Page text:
Alignment

When you look at the roof, the shingles should align with the edge of the roof. They should not run vertically or at an angle with this bottom edge. Improperly aligned shingles may be the result of a roofer starting their installation job somewhere other than at the edge of the roof. Or, they may have failed to add chalk lines to the roof. Chalk lines are temporary guides that help roofers keep the shingle line straight as they perform the installation. In any case, poorly aligned shingles can create odd visual patterns. Sometimes roof design forces roofers to make slight adjustments in shingle course alignment to accommodate where the decking is not square. Otherwise, misaligned shingles may need to be replaced by a roofer.

 

Exposure

The exposure of a shingle is the amount of the shingle that is exposed and not covered by the shingle above it. Manufacturers indicate specific exposure for their shingles in order to ensure proper look and performance.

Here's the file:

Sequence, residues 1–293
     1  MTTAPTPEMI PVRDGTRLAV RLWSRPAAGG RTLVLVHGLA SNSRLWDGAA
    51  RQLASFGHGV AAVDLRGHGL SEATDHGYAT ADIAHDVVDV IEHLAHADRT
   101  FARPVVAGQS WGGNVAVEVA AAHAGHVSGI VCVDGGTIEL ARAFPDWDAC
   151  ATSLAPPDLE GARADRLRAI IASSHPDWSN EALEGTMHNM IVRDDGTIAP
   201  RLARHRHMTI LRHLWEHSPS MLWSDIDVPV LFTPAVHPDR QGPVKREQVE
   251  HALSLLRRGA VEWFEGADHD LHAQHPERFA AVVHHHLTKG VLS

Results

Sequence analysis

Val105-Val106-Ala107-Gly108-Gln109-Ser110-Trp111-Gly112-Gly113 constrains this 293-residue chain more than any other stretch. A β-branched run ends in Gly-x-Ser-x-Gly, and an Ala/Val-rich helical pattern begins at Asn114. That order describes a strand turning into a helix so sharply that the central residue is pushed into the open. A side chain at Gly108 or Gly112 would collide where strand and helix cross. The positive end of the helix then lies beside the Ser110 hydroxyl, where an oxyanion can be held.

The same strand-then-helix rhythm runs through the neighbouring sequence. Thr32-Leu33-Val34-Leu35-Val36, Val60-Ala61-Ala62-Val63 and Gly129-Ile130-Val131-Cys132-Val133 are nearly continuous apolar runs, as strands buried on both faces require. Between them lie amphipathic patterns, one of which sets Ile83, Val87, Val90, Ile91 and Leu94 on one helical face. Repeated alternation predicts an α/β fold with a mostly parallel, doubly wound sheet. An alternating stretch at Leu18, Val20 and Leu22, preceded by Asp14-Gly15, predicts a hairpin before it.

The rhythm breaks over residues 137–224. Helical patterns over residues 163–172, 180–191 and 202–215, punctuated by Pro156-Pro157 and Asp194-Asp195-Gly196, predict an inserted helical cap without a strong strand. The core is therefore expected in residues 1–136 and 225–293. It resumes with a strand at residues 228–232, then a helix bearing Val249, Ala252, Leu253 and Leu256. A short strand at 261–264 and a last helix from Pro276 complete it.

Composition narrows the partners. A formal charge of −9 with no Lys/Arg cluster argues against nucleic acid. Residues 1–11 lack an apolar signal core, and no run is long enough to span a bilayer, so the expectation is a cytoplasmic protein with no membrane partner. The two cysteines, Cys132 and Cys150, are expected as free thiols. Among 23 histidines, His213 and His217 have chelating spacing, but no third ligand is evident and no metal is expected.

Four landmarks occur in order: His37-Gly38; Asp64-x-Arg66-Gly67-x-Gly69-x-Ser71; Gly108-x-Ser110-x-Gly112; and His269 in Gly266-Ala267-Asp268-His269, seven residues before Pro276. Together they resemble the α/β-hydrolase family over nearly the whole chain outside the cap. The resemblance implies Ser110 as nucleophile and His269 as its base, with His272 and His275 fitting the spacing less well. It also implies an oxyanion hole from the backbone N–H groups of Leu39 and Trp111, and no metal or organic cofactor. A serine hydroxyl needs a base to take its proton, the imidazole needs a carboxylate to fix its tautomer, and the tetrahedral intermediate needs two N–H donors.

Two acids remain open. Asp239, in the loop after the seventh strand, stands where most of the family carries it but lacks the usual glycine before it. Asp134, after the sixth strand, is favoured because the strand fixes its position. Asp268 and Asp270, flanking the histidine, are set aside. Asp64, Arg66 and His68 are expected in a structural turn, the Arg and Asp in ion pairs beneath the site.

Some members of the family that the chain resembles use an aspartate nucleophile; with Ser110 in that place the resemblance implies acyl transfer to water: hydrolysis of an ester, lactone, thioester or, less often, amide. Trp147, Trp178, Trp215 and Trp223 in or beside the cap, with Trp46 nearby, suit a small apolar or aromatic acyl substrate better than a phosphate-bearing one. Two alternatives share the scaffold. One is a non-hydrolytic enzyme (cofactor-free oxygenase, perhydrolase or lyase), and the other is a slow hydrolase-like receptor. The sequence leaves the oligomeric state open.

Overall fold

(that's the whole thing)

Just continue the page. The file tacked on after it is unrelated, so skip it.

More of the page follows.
Shingle exposure is not just an aesthetic issue. If the shingles are too far apart, parts of the shingle that were not designed for it may be exposed to the weather. You can see for yourself if your shingle exposure is correct by measuring the gap from the edge of one shingle to the start of the next. Then compare that distance to the distance called for in your shingle’s installation instructions. If it is too wide or too narrow, you can have them replaced.
 

Nailing

We covered improper nailing technique and the signs of it in the missing shingles section above.

 

Instructions

Every shingle is a little different, and manufacturers may provide further installation requirements that roofers need to follow to ensure the resulting roof will perform well. It is wise to work with a roofer who is familiar with these additional requirements and can tell you if your installation job accounted for them.

 

Flashing Installation Issues

There are many common roof flashing errors that you should be on the lookout for. Thankfully, in the case of flashing, you can often see these issues without much investigation.

Flashing stock
 

Chimney Flashing